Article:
LG Optimus L3 to get Europe launch this month

Posted: 02 Mar 2012 09:27 AM PST

The lowliest of LG’s Mobile World Congress reveals is still a pretty slick little device, and those of you in Europe won’t have to wait long to get your hands on it. The company announced that the budget-minded Optimus L3 will gets its debut in Europe later in March, with Asian and American releases to follow. There’s no word on a price tag, though the unlocked version should be priced well below the going rate for Android phones, given its light emphasis on specifications.

Speaking of which: the Optimus L3 is the smallest of the L-series, with a 3.2-inch LCD display running at just 320×240 pixels. It’s powered by an 800mhz single-core processor – fast enough for LG’s customized version of Gingerbread, but don’t expect it to fly. The camera on the back is just 3.2 megapixels. The big draw for the L3 (and in many ways the other two L-series phones) is the styling, which apes LG’s previous partnerships with PRADA to make a squared-off sleek look. IN the realm of low-end Android phones the L3 is certainly a looker, which should help buyers look over its lack of advanced wireless.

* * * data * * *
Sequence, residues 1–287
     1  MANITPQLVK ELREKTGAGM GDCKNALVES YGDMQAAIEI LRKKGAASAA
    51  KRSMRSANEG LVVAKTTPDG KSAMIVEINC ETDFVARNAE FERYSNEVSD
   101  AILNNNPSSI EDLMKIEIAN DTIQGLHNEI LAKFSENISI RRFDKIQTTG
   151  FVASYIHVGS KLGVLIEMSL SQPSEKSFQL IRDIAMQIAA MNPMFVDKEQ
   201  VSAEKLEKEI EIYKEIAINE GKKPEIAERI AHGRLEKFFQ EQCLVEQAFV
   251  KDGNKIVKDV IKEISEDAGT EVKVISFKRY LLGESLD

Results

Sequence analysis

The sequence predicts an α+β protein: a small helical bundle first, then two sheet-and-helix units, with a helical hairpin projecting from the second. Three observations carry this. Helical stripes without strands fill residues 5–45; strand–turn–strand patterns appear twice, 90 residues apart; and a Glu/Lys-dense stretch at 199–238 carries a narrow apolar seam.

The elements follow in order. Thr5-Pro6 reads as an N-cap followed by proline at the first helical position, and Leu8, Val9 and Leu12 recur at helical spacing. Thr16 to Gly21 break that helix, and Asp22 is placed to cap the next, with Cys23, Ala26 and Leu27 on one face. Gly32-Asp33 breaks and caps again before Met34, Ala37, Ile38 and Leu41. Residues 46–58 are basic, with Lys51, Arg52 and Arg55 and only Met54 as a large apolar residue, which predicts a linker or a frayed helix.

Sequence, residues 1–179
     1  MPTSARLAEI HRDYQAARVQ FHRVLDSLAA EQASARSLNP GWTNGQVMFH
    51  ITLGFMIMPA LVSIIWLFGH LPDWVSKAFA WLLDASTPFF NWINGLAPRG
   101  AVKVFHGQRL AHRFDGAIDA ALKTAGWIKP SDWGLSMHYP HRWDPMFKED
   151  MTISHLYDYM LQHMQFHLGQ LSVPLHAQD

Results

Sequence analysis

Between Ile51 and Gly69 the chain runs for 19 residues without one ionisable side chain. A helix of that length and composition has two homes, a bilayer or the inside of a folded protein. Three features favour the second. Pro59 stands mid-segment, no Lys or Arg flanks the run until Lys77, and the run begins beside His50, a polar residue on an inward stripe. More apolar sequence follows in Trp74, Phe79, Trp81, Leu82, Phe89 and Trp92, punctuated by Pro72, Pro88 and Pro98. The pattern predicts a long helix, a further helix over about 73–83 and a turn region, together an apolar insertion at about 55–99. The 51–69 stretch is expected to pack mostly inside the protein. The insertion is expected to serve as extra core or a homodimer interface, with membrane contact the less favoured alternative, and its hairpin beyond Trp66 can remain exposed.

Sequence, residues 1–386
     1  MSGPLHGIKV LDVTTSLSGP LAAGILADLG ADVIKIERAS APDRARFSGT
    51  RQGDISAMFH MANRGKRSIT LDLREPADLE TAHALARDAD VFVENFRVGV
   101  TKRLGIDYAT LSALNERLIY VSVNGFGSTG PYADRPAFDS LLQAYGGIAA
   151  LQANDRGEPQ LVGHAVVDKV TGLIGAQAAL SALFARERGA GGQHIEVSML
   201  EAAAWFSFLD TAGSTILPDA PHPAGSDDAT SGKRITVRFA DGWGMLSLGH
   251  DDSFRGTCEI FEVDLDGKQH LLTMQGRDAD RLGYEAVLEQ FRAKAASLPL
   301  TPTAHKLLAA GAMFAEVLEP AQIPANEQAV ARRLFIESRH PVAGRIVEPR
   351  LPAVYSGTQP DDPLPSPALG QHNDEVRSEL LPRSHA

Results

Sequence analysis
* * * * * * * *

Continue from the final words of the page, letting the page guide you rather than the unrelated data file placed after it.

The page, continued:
Strangely, LG has said nothing of the Optimus L5 or Optimus L7, the much more powerful and (for most) desirable parts of the stylish phone series. Considering their concurrent announcement the phones can’t be too far apart in production, but the superior components and unique chassis of the larger phones may be throwing roadblocks on their path to release. It’s also interesting that LG is choosing Europe as the primary market, at least for the L3: one would expect them to release it in their home territory of South Korea first.

[via Androinica]